• Northwest Indian Bar Association (NIBA) is a non-profit organization of Indian attorneys and judges in Alaska, Idaho, Oregon, Washington, British Columbia and the Yukon Territory, which aspires to improve the legal and political landscape for the Pacific Northwest Indian community.
  • Minnesota American Indian Bar Association (MAIBA) is a non-profit organization of American Indian attorneys and law students, non-Indian attorneys and law students who are interested in Indian law, and American Indians who serve as advocates, prosecutors or judicial officers in tribal courts.
  • Federal Bar Association (FBA) has offered an unmatched array of leadership opportunities and services for more than 80 years. This Web site provides a wealth of constantly updated information for law students, new practitioners, experienced attorneys, and judges from all over the country. The FBA gives its 16,000 members a chance to meet at regional and national conferences, become active in informed discussion of substantive law issues, assume leadership positions at the local and national level, and network with other professionals in the field of federal law.

Resources for Tribal Court Personnel

  • Tribal Court Bench Book for Domestic Violence Cases Adobe Acrobat Reader is required to view this file was produced by the Northwest Tribal Court Judges Association under a grant from the Office on Violence Against Women of the U.S. Department of Justice. The Tribal Court Bench Book is a general guideline with recommendations to help tribal courts deal with domestic violence cases. It is arranged into three sections: Pre-Trial, Trial, and Post-Trial. The Bench Book is the result of a year-long process to which tribal judges devoted many hours of personal time. That effort has created a unique legal guide on domestic violence by tribal court judges for tribal court judges.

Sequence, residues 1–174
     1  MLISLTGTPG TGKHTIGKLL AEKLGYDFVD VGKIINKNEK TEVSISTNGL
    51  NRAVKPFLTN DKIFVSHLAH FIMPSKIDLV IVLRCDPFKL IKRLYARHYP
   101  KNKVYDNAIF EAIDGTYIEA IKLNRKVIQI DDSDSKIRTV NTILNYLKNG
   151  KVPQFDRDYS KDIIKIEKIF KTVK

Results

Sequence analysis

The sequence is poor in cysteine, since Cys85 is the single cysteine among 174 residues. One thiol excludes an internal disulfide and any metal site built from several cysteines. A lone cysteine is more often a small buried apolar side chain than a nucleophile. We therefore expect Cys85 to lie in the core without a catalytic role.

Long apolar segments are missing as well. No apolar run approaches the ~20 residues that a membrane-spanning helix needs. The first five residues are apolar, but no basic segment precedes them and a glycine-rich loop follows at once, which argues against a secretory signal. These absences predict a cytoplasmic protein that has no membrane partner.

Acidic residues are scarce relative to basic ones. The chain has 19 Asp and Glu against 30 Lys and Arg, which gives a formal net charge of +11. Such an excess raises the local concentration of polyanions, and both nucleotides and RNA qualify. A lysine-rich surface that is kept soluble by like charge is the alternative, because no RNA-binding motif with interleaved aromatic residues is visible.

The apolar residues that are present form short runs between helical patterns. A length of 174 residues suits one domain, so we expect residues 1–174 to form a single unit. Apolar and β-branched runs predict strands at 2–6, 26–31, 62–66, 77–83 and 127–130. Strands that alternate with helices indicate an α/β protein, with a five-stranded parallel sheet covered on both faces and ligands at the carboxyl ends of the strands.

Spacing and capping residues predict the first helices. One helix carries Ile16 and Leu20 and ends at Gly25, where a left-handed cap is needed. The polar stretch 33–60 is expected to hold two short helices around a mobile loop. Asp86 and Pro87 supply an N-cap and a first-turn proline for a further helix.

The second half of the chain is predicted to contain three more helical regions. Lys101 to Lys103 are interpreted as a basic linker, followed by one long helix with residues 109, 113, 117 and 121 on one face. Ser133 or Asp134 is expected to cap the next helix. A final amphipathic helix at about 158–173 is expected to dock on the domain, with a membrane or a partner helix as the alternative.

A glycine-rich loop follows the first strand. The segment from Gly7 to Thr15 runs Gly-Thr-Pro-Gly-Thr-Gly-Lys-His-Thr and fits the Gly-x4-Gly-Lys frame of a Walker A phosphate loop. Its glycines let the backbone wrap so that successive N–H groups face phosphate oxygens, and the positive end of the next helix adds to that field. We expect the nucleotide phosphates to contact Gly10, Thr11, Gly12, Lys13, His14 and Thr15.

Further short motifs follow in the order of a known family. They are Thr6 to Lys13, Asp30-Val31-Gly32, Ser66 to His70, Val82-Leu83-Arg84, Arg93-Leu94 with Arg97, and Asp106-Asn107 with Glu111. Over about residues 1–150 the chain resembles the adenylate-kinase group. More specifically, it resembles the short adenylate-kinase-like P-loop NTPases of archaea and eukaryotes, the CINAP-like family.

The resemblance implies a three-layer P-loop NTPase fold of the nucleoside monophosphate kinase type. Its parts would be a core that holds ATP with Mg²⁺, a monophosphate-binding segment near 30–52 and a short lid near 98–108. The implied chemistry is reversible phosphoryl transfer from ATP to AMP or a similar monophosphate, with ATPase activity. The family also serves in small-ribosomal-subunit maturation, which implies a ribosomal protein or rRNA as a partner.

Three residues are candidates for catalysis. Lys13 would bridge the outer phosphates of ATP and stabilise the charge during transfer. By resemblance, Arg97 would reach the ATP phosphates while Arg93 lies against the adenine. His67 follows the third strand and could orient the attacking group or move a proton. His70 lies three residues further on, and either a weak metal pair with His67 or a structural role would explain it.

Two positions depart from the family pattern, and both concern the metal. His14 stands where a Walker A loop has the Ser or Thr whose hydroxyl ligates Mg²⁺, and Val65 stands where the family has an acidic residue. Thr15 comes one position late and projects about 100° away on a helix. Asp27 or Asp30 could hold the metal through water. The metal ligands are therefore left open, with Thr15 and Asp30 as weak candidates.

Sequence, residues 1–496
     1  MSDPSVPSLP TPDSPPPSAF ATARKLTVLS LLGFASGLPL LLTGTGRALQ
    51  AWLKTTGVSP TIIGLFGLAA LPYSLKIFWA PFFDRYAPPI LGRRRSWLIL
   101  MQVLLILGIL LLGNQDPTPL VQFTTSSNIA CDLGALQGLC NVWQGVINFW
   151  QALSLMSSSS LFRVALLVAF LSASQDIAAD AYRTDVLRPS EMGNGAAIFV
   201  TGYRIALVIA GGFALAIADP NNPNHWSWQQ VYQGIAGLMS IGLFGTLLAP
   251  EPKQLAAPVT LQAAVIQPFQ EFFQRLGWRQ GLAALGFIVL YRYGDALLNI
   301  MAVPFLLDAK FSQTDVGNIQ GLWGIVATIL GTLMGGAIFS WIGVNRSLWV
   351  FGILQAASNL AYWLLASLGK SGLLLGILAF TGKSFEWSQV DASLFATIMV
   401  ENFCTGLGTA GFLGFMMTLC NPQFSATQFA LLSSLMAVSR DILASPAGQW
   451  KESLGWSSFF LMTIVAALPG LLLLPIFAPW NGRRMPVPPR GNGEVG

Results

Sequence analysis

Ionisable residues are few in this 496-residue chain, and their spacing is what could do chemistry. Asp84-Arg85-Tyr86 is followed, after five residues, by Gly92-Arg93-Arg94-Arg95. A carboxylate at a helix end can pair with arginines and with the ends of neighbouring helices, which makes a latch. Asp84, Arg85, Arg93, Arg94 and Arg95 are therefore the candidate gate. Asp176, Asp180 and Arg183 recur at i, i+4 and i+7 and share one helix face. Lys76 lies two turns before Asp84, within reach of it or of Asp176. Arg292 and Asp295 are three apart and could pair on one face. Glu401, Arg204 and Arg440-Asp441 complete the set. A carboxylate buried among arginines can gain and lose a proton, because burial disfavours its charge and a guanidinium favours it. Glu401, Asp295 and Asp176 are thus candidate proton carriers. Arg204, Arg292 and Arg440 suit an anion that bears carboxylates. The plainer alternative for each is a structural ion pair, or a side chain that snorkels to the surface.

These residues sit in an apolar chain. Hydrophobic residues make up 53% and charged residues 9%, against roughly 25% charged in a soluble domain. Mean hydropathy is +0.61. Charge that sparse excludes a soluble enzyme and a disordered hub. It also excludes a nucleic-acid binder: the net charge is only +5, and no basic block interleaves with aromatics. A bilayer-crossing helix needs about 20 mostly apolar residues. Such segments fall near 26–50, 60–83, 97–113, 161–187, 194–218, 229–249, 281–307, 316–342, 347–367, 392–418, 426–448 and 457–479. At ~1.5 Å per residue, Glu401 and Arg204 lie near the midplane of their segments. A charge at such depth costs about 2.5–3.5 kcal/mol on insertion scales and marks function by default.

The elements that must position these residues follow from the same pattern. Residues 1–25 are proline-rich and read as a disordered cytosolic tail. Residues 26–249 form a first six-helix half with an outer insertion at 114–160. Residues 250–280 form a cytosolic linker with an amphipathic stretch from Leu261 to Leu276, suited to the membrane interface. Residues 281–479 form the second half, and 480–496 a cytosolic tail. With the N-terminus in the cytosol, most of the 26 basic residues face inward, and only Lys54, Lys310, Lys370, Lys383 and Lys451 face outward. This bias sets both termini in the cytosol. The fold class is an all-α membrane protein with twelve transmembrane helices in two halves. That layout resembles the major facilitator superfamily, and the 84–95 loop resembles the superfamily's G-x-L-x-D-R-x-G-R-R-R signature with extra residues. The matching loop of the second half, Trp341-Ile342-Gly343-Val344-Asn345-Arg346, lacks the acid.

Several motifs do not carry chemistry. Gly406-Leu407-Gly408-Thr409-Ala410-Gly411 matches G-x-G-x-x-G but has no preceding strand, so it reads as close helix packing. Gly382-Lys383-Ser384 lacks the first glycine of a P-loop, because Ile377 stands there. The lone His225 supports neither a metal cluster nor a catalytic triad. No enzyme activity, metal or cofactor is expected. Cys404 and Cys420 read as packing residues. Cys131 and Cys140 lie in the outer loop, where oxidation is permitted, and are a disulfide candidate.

• Tribal Healing to Wellness Courts: The Judge’s Bench Book (Draft) Adobe Acrobat Reader is Required to View this File. For every difficult demanding journey, one must have a leader. In a Healing to Wellness Court, that person is the judge. This bench book is designed to provide instruction and practical tools for judges in their efforts to guide those traveling on the road to wellness. It is designed to provide general guidance for judges, examples of court procedure, and tools to assist judges in their wellness court role. This benchbook is also useful for wellness court team members and community leaders who are interested in designing, creating, an implementing a wellness court program.